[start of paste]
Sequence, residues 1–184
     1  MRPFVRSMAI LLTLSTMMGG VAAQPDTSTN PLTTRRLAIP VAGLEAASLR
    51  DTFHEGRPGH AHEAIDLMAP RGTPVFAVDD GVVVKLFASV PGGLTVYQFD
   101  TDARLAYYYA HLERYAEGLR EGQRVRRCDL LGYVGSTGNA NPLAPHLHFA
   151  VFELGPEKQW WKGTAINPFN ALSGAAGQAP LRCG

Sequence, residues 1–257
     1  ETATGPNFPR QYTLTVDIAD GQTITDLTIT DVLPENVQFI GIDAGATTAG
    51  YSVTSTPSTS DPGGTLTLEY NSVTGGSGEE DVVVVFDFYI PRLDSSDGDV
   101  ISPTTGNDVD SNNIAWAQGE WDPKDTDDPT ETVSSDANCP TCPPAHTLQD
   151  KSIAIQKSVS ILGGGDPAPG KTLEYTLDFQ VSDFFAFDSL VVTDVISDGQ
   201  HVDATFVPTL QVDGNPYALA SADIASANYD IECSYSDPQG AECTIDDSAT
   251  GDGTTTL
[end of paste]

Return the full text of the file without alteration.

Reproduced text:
Sequence, residues 1–184
     1  MRPFVRSMAI LLTLSTMMGG VAAQPDTSTN PLTTRRLAIP VAGLEAASLR
    51  DTFHEGRPGH AHEAIDLMAP RGTPVFAVDD GVVVKLFASV PGGLTVYQFD
   101  TDARLAYYYA HLERYAEGLR EGQRVRRCDL LGYVGSTGNA NPLAPHLHFA
   151  VFELGPEKQW WKGTAINPFN ALSGAAGQAP LRCG

Sequence, residues 1–257
     1  ETATGPNFPR QYTLTVDIAD GQTITDLTIT DVLPENVQFI GIDAGATTAG
    51  YSVTSTPSTS DPGGTLTLEY NSVTGGSGEE DVVVVFDFYI PRLDSSDGDV
   101  ISPTTGNDVD SNNIAWAQGE WDPKDTDDPT ETVSSDANCP TCPPAHTLQD
   151  KSIAIQKSVS ILGGGDPAPG KTLEYTLDFQ VSDFFAFDSL VVTDVISDGQ
   201  HVDATFVPTL QVDGNPYALA SADIASANYD IECSYSDPQG AECTIDDSAT
   251  GDGTTTL